Asham'd at length, to the third charge they ran, The Tuscan matrons with each other vy'd

Both hosts resolv'd, and mingled man to man: To bless their rival sons with such a bride : Now dying groans are heard, the fields are strow'd But she disdains their love, to share with me With fallen bodies, and are drunk with blood : The sylvan shades, and vow'd virginity.

Arms, horses, men, on heaps together lie: And oh! I wish, contented with my cares Confus'd the fight, and more confus'd the cry. Of savage spoils, she had not sought the wars : Orsilochus, who durst not press too near Then had she been of my celestial train ;

Strong Remulus, at distance drove his spear ; And shunn'd the fate that dooms her to be slain. And struck the steel beneath his horse's ear. But since, opposing Heaven's decree, she goes The fiery steed, impatient of the wound, To find her death among forbidden foes ;

Curvets, and, springing upward with a bound, Haste with these arms, and take thy steepy flight, His hopeless lord cast backward on the ground. Where, with the gods adverse, the Latins fight: Catillus pierc'd Iolas first ; then drew This bow to thee, this quiver, I bequeath, His reeking lance, and at Herminius threw : This chosen arrow to revenge her death:

The mighty champion of the Tuscan crew. By whate'er hand Camilla shall be slain,

His neck and throat unarm’d, his head was bare, Or of the Trojan, or Italian train,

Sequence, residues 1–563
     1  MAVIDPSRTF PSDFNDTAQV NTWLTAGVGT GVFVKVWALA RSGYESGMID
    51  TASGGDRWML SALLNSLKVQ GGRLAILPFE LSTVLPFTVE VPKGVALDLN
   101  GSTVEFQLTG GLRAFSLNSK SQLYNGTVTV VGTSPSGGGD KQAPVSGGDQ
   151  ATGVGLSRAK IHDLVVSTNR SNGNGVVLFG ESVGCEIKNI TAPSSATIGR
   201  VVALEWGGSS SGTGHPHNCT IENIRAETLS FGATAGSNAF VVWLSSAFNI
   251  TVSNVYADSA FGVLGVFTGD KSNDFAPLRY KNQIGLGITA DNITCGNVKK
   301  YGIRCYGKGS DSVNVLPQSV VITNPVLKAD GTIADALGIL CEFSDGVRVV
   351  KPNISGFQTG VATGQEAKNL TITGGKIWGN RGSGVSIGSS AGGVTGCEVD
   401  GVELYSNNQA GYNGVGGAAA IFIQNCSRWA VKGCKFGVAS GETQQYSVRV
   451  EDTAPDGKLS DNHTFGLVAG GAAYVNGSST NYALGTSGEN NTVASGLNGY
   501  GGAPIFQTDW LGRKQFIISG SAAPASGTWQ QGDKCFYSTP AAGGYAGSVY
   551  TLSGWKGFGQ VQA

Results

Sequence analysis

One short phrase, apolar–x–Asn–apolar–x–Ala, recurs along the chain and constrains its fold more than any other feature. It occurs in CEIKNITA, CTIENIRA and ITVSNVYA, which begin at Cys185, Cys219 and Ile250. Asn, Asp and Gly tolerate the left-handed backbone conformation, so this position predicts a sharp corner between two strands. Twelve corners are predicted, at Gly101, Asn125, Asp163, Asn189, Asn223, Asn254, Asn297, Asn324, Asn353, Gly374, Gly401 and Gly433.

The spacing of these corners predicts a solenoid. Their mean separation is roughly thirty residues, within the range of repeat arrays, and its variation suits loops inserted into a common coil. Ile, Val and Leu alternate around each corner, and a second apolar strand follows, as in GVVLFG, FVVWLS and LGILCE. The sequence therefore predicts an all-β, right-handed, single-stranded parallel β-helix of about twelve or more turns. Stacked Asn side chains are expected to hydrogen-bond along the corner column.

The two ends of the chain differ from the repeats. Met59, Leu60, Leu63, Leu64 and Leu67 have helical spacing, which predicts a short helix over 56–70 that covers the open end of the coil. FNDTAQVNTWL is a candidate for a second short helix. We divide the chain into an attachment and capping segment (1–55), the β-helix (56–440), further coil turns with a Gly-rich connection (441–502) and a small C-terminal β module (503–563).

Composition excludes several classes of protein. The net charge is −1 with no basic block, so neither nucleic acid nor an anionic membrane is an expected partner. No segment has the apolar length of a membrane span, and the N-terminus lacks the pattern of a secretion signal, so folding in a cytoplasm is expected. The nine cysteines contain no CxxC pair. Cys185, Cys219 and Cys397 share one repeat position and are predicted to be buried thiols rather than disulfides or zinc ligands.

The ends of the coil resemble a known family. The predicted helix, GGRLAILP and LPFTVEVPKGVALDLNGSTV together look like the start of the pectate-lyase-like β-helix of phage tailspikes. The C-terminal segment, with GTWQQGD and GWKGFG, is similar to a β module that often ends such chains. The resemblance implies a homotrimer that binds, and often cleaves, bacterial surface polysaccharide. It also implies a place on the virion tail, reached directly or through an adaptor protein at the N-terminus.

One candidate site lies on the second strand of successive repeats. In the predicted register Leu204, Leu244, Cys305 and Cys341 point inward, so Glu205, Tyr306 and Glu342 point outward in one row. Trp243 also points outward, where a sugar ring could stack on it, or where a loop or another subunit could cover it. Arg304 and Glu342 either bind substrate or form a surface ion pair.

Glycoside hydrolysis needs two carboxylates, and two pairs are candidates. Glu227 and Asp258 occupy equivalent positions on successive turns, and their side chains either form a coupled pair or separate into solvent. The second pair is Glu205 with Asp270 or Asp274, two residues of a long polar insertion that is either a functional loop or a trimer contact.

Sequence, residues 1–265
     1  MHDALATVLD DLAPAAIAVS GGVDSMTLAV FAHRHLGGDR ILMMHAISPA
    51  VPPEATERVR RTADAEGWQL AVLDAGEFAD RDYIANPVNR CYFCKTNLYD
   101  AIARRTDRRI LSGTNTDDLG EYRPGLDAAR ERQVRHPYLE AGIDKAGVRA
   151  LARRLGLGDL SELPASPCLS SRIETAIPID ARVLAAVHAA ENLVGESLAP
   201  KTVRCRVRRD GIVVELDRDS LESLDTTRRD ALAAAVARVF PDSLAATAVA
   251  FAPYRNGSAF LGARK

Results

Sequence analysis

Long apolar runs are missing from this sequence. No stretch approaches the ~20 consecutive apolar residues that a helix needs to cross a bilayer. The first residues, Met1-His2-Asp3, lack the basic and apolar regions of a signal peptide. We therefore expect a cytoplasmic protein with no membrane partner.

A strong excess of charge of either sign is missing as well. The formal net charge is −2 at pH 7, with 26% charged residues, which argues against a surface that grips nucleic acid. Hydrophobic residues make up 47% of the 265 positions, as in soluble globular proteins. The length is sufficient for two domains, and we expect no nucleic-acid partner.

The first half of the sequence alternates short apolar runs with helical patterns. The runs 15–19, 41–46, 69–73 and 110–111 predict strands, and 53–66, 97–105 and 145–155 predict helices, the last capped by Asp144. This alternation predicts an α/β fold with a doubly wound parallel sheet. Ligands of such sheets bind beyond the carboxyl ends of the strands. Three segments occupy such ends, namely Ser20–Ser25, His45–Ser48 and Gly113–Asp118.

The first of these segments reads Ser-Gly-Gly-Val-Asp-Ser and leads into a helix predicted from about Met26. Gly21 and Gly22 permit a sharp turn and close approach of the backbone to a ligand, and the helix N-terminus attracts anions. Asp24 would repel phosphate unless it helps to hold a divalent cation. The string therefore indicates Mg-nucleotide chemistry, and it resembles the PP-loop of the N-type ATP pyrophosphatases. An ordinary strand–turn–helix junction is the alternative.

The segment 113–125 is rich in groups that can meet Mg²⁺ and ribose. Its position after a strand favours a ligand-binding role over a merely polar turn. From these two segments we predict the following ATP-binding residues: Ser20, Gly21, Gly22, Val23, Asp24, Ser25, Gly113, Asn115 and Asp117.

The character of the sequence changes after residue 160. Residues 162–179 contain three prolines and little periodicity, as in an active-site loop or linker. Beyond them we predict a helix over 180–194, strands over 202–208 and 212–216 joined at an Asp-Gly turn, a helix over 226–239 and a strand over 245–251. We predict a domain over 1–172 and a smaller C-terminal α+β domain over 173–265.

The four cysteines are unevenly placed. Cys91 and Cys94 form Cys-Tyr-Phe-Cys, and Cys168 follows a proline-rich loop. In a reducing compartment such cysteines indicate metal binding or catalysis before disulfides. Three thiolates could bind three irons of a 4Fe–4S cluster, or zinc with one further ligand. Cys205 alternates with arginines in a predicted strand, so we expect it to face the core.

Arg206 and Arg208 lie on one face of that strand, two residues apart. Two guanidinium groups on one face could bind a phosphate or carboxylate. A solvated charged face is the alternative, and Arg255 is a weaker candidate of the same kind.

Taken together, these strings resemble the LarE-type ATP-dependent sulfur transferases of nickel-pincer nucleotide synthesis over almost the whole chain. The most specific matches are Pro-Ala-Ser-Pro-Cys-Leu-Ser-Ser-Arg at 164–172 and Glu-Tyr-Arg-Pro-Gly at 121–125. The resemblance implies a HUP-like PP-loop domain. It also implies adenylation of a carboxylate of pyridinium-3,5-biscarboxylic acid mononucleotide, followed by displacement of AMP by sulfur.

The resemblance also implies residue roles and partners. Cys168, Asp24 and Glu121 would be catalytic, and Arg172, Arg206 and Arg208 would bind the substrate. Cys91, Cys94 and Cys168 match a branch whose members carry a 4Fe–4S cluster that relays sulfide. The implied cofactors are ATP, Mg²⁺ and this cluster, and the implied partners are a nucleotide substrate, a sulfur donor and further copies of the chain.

But shaded with a length of yellow hair : Let him not pass unpunish'd from the plain. Secure, be fought, expos'd on every part, Then, in a hollow cloud, myself will aid,

A spacious mark for swords, and for the flying To bear the breathless body of my maid :

dart: Unspoil'd shall be her arms, and unprophan'd Across the shoulders came the feather'd wound; Her holy limbs with any human hand :

Transfixt, he fell, and doubled to the ground.
And in a marble tomb laid in her native land." The sands with streaming blood are sanguine dy'd ;
She said : the faithful nymph descends from high And death with honour sought on either side.
With rapid fight, and cuts the sounding sky : Resistless, through the war, Camilla rode:
Black clouds and stormy wiods around her body fly. In danger unappallid, and pleas'd with blood,

By this the Trojan and the Tuscan horse, One side was bare for her exerted breast;